The following is adapted from remarks at a “Leadership 101” night for Ministry Team members.
Now is the time for God to renew the church for mission. But not all churches are at the same place on the life cycle. According to a now classic work by Martin Saarinen, congregations are made up of a blend of energy, programs, administration, and inclusiveness (EPAI). New church starts, for example, abound in energy but are low in administration and programs. Growing churches hit the sweet spot of flow in which they are high in all areas. Dying churches are high in administration and low in energy and inclusiveness.
How would you characterize the life in our church right now?
It’s important to look at where the energy is in a church. According to church renewal expert Cameron Trimble, when a church hits stagnation, something happens. It’s hard to describe, but you can feel it. Energy drops. Once energy drops, nervousness, anxiety, and fear, set in. Sadly, it’s often only when panic sets in that churches often decide to change things. A church, for example, often only wants to become more welcoming when, say, they realize they are losing money and membership is declining. They are desperate for new members or young families, but it’s not welcoming for hospitality’s sake or the gospel’s sake, it’s because the church will face severe cutbacks if the decline trajectory continues.
If there’s one thing my generation and the millennial generation sees through immediately, it’s false inclusiveness. You can’t fake authentic welcome.
Cameron Trimble of the Center for Progressive Renewal differentiates between leaders and managers. She teaches that leaders are those who are outward focused. They develop new projects and sell the vision. Managers are those who help maintain the infrastructure for that vision so that the leaders to their job.
What happens when a church starts to decline, she says, is that the Managers and Administrators take over. We start having more conversation about policies and experiencing more conflict with one another. I certainly have nothing against Managers and Administrators, because they have profound gifts to offer the church. However, management and administration needs to serve the energy of leadership and mission. Not the other way around.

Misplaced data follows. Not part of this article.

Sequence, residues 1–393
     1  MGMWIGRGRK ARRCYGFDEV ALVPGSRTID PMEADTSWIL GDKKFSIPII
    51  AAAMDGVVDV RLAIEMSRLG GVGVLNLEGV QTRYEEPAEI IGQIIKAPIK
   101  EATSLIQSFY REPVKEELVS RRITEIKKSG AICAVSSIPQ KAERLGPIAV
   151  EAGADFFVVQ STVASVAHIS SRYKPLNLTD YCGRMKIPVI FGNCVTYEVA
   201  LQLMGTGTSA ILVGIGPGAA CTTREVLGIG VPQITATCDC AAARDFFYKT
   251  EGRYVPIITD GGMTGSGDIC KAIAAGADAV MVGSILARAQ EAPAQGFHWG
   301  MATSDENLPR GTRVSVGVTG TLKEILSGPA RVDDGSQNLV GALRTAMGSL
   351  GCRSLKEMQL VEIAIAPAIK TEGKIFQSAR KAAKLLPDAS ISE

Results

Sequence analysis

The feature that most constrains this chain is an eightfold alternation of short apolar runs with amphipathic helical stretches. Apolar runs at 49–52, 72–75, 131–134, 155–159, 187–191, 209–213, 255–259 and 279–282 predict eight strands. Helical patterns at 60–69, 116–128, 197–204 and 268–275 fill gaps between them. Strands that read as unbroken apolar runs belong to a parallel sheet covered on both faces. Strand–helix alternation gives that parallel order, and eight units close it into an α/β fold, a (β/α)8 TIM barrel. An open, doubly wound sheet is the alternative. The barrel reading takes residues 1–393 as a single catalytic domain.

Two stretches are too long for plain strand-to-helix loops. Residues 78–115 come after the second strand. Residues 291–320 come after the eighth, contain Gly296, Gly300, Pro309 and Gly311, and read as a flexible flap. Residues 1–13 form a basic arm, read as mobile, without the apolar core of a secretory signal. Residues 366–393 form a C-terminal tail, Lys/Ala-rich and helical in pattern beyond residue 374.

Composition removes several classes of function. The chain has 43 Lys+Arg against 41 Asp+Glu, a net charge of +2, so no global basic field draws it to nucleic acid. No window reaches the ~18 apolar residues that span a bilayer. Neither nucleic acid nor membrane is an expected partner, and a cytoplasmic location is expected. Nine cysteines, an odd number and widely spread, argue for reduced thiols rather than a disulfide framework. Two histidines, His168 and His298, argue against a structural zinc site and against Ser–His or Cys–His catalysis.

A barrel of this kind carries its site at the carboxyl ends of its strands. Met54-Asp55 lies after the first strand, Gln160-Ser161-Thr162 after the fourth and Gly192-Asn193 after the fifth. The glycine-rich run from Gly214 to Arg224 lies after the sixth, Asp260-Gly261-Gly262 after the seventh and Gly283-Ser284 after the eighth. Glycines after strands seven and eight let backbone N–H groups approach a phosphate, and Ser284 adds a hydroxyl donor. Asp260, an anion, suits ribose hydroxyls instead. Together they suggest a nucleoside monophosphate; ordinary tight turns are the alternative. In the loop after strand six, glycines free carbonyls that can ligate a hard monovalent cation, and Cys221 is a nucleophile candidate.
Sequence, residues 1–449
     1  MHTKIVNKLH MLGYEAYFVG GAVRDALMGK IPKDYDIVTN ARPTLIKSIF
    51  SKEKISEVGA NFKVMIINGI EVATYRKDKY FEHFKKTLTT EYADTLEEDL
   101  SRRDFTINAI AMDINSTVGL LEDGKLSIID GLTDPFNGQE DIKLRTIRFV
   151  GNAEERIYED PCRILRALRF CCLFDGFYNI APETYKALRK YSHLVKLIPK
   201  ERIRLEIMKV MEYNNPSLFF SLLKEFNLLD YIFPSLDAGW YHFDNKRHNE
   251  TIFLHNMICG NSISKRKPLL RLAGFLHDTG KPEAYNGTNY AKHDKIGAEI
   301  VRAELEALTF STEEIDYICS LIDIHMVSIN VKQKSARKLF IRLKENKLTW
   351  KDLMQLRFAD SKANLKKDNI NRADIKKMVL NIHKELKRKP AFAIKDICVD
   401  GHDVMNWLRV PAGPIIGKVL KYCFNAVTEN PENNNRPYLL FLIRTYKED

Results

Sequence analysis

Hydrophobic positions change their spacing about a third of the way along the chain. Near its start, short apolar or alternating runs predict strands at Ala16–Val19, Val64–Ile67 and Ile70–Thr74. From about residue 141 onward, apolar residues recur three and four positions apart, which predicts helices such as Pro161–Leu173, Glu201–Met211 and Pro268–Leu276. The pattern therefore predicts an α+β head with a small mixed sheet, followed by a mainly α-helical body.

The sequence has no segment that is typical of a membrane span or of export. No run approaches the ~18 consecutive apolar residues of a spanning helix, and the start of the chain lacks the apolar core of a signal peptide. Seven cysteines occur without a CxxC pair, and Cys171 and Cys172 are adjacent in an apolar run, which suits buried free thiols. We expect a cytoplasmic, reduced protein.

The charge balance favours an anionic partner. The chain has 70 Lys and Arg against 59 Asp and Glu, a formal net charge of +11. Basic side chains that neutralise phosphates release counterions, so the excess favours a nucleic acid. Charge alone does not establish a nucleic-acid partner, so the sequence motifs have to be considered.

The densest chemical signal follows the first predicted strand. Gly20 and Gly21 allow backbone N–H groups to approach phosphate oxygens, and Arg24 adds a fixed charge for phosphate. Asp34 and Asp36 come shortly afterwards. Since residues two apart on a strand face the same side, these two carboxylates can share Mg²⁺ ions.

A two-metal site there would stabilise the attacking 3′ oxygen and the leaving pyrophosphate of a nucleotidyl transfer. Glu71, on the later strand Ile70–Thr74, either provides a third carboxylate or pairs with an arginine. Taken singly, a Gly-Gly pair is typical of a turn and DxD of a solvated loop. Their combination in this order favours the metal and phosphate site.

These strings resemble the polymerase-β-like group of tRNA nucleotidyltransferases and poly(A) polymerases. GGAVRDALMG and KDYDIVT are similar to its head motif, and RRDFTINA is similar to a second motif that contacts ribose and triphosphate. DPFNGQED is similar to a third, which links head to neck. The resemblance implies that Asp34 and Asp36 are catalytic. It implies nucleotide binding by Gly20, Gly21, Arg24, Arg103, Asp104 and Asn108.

If Managers and Administrators are left in charge of a church, the organization turns inward. This is when a congregation can die if it doesn’t turn itself around. So, the key question to ask ourselves is how do we feed the energy of vitality? How can we develop, nurture, and support leaders who empower, inspire, and reach out into the community? How can we build management and administrative support for those leaders?
The choice of evolution is the choice of growth, which is also the choice transformation.
I think we’re at the time in our ministry together where we need to recommit to growth. I don’t say this because I’m afraid of church decline. I say this because right now we’re doing well.
Over the past four years, we’ve had a reinvigoration of current membership. We have re-affirmed and enriched program commitments. We have attracted new members. We have deepened in prayer.
We could easily make the mistake of taking this relative health for granted by coasting a bit. I could start to phone it in and to be less serious about outreach into the community. You could start to become comfortable with the way things are. I take the opposite view: now is exactly when we need to dig down more deeply and choose transformation and courageous vision, precisely because we’re on an up swing. Otherwise the church’s vitality will plateau in a few years.
By the way, church growth isn’t only numerical, although it does include numbers. Church growth means substantive transformation: growth organizationally, growth in our inner lives and encounter with God, growth in how we treat and love each other, growth in our impact on the wider community, growth in the risks that we take.
No one knows the future of our church and anything could happen. What I do know, however, is that when we choose growth, evolution, and even risk, we open ourselves up to the work of the Holy Spirit. Our lives change, because as I’ve heard Massachusetts outgoing Conference Minister and President Jim Antal say, “God welcomes us just as we are, but God loves us enough to make sure we don’t stay just as we are.”
What are you willing to risk? What are you willing to let go of? How entrepreneurial and electrified are you willing to become?
In radiant faith,